Scottish masonic usage and custom

Discussion in 'Masonic Education' started by iainmason, Aug 4, 2009.

  1. iainmason

    iainmason Registered User


    From a paper of the same title published by Quator Coranati, the Lodge of Research in 1967 and written by Bro. George Draffen of Newington, P.M., R.W.Substitute Grand Master (GLS)

    The extent to which tradition, custom and usage has influenced the Scottish Craft can probably best be illustrated by the fact that for one hundred years the Grand Lodge of Scotland got on perfectly well without any Book of Constitutions. That may seem to many of you to be extraordinary, but it is quite true. The Grand Lodge of Scotland was founded in 1736, it first published a Book of Constitutions and Laws in 1836. Even when it was published it was a slim volume dealing in the main with the constitution and government of Grand Lodge itself and paying little attention to the government and control of the Daughter Lodges. That a Grand Lodge with some 280 active Lodges on its Roll should be able to function without a Book of Laws and Constitution speaks volumes for the efficacy of tradition, usage and custom.

    The early minute books of some of our Lodges reveal that in many cases they possessed a copy of a "Book of Constitutions" . Sometimes these books were copies of the English Book of Constitutions. The fact that her Lodges were using a book of Constitutions published by another Grand Lodge did not seem to worry our Grand Lodge, at least there is no mention in the Grand Lodge Minutes of any prohibition on their use. When the first Scottish Book of Constitutions was published, in 1836, tradition, custom and usage were still strong and this was reflected in that book and has continued to be so reflected up to the present day.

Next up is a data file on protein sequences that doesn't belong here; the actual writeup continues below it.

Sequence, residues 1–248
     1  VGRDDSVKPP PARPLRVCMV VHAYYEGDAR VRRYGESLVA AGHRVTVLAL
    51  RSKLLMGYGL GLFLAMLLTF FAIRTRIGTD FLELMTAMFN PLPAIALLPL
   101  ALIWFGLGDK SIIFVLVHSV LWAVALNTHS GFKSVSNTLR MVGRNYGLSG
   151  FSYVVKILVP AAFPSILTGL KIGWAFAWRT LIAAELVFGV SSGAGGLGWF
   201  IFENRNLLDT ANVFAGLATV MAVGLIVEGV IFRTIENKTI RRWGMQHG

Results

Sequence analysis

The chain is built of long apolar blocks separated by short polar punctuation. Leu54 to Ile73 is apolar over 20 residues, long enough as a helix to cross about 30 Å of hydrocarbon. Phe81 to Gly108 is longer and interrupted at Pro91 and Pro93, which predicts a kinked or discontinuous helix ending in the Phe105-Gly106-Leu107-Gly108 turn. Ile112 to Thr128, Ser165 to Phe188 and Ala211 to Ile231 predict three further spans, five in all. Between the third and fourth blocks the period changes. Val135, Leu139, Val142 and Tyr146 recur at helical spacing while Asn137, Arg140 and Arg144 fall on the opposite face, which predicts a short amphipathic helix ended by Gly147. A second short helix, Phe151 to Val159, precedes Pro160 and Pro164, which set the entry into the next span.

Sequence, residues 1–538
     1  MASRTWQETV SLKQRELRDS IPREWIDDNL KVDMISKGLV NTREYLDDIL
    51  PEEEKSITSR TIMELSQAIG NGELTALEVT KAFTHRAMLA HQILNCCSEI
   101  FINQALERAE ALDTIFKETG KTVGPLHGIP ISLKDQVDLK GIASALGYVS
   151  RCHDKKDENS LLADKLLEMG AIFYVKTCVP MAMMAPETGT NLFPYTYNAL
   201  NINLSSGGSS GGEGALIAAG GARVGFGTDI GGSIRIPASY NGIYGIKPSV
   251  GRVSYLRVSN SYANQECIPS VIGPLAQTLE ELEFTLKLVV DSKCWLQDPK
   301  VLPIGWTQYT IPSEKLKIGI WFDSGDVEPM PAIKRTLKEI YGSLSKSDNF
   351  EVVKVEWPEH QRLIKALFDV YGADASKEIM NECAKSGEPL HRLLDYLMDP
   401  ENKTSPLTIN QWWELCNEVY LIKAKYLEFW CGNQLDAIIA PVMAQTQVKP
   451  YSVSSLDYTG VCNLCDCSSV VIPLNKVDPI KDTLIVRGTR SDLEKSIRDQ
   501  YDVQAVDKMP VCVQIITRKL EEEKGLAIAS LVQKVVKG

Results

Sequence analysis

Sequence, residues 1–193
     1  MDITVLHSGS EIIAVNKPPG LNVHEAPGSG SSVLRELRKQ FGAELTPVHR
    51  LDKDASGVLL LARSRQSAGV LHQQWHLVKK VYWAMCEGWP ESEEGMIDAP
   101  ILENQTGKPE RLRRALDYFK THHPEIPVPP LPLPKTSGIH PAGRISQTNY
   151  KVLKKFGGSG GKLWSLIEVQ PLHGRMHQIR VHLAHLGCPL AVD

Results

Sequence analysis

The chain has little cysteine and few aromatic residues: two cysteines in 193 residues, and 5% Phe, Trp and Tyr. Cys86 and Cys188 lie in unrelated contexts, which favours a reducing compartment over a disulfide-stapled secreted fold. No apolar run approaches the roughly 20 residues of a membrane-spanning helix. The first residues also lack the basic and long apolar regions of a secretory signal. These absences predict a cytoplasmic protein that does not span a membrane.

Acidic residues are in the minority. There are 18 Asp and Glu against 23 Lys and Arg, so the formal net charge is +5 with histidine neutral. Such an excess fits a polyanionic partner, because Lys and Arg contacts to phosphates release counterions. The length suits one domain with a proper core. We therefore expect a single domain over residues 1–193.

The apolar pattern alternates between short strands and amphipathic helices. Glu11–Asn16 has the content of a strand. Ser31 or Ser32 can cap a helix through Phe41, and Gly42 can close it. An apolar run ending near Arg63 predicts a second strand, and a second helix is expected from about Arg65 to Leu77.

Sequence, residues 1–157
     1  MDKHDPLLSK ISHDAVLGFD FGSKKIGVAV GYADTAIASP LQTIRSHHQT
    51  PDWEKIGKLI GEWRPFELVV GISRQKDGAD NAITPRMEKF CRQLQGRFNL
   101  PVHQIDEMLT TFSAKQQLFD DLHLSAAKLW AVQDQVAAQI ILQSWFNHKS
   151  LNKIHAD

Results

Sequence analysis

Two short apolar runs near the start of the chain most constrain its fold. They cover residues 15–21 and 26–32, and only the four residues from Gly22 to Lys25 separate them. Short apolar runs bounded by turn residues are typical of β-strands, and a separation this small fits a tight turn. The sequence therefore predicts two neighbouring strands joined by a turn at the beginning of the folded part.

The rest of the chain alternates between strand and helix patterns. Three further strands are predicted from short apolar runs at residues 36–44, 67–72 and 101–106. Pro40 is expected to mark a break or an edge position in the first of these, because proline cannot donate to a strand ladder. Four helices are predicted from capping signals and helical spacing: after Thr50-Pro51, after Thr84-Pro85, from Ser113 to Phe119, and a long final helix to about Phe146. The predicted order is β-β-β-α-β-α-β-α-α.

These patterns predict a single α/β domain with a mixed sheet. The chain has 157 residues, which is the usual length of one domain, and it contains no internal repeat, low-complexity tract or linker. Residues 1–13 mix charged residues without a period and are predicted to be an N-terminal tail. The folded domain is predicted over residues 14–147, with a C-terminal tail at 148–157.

Perhaps the most striking example of the individuality of our Lodges is to be found in the regalia. Every Scottish Lodge is entitled to choose such colour or colours as it may think fit. Allowing each Lodge to have its own colour of regalia has the advantage of enhancing the individuality of each Lodge and demonstrating any connection a Lodge may have to another organization, etc. In this District we have several examples of this - Lodge Cormack uses the Newfoundland tartan, Lodge McLeod the McLeod tartan, and Lodge Newfoundland Kilwinning has combined the colour of its sponsors - Lodges Tasker, St. Andrew and Westmoorland.